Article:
ANZ chief economist explains her forecast
After 12 official cash rate hikes, borrowers could at last get some reprieve from rising interest rates, as the Reserve Bank of New Zealand has indicated no further rate increases ahead.
But there is a risk of further monetary policy tightening this year, a leading economist says.
The RBNZ hiked the official cash rate by 0.25% in May, taking it to 5.50%. The central bank noted in its May monetary policy snapshot that inflation (6.7% for the March 2022 quarter) had dropped since the December 2022 quarter, but said that it remained “too high”. Inflation expectations remained elevated, while most measures of persistent (core) inflation had remained “near recent peaks”, the Monetary Policy Committee said.
The Reserve Bank’s OCR forecast showed that the rate would remain at the current level this year, with the first rate cut to occur in the second half of 2024 (September quarter).
ANZ chief economist Sharon Zollner (pictured above) told NZ Adviser that the bank had a further interest rate hike pencilled into its forecast.
Its view is that the RBNZ will need to respond to a stickier inflation impulse that what is currently foreseen.
“We see the risk as tilting towards them needing to do more … we’ve got another hike pencilled in for November,” Zollner said.
She noted that the bank had originally predicted a rate hike for July, but that it had acknowledged that the hurdle for restarting a hiking cycle was “considerably higher” than the hurdle for continuing along a hiking path.
“The data is going to continue to be a messy mix of demand and supply, both with the labour supply increasing, and also the weather effects, we think it will take a while before it becomes evident that more is needed,” Zollner said.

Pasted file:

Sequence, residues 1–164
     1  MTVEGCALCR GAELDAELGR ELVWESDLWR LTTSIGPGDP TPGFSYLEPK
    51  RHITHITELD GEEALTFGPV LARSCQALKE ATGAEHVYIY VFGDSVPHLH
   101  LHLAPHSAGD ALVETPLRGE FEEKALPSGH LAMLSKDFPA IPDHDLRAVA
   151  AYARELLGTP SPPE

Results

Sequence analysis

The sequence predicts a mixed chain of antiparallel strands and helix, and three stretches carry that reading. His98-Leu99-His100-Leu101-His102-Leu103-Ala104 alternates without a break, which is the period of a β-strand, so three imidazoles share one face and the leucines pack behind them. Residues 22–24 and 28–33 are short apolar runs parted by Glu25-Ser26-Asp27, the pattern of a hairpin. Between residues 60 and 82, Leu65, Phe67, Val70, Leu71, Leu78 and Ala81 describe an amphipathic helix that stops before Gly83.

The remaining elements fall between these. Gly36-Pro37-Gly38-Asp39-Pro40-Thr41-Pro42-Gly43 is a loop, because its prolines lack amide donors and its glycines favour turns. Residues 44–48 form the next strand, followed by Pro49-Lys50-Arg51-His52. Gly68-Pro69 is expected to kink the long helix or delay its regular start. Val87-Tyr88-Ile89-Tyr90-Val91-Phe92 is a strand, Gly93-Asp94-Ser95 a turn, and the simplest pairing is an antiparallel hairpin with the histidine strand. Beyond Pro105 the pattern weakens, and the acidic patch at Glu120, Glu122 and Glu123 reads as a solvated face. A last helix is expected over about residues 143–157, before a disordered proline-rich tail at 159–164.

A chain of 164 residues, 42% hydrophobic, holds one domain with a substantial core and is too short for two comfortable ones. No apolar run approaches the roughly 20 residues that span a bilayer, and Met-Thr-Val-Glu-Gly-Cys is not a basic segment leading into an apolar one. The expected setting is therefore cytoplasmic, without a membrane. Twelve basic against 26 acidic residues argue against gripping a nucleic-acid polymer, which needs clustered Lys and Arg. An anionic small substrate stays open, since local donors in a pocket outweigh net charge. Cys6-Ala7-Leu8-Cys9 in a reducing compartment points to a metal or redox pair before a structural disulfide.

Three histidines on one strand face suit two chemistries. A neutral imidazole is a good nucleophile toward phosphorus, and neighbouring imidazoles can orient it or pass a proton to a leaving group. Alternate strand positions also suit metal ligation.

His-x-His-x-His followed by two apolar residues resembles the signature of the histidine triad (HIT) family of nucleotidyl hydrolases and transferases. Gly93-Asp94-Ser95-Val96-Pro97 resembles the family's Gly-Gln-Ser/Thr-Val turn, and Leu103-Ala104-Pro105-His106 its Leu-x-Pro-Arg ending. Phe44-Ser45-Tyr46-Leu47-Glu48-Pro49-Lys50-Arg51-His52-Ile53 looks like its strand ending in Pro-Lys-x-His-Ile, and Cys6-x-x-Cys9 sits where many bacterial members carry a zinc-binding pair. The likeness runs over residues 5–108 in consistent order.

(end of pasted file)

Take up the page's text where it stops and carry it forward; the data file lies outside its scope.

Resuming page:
Overall, Zollner said there was a general consensus that monetary policy was working to curb demand and cool the economy, and that the economy was slowing.
“We’ve got a slightly different view on how much spare capacity there is in the economy at the moment, and therefore how easily the economy can absorb this extra demand from net migration and fiscal,” Zollner said.
While the RBNZ is seeing the data as a sign that demand is rolling over, ANZ is seeing demand as “patchier”, with a mix of demand and supply impacts, she said.
“The most interest-rate sensitive parts of the economy are definitely rolling over, but other parts are looking more resilient,” Zollner said.
Further volatility in interest rates anticipated
Commenting on interest rate movements, Zollner said borrowers could expect some volatility ahead.
Markets still view there is a risk that the Reserve Bank may change their mind and hike again, she said, noting markets had not immediately moved to pricing in rate cuts.
Some people are of the view that the Reserve Bank has already done too much, and the market will continue to respond to data, she said.
“The market’s basically in two minds at the moment whether the next move is a hike or a cut and I think we can expect volatility to continue,” Zollner said.
One scenario is that the data keeps rolling over and the market prices cut, which could see fixed rates fall, she said. Another could be that the data shows surprising resilience (or an upwards surprise on inflation), in which case markets will price a greater chance of more hikes to come, therefore fixed mortgage rates could go up.
In a Property Focus report for May 2023, ANZ noted that floating rates and shorter-term fixed rates had increased over the last month, and that longer-term fixed rates were lower on average. There had been a marked reduction seen in the average three-year fixed rate.
Fixing for three years is cheaper than fixing for a shorter period, and ANZ break-evens analysis showed that mortgage rates need to fall for it to work out cheaper to fix for one to two years, compared to three years.
Although the cheapest mortgage rate is not much higher than the OCR, ANZ noted that accessing it meant fixing for longer.
Given the uncertainty, ANZ suggested borrowers consider dividing their mortgage into chunks, lessening the potential for regret down the track.